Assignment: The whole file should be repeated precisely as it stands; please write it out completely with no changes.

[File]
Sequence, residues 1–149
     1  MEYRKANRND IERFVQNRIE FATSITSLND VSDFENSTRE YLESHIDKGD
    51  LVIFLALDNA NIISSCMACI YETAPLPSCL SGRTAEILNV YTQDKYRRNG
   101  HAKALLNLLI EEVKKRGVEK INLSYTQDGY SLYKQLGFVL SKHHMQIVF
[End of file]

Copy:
Sequence, residues 1–149
     1  MEYRKANRND IERFVQNRIE FATSITSLND VSDFENSTRE YLESHIDKGD
    51  LVIFLALDNA NIISSCMACI YETAPLPSCL SGRTAEILNV YTQDKYRRNG
   101  HAKALLNLLI EEVKKRGVEK INLSYTQDGY SLYKQLGFVL SKHHMQIVF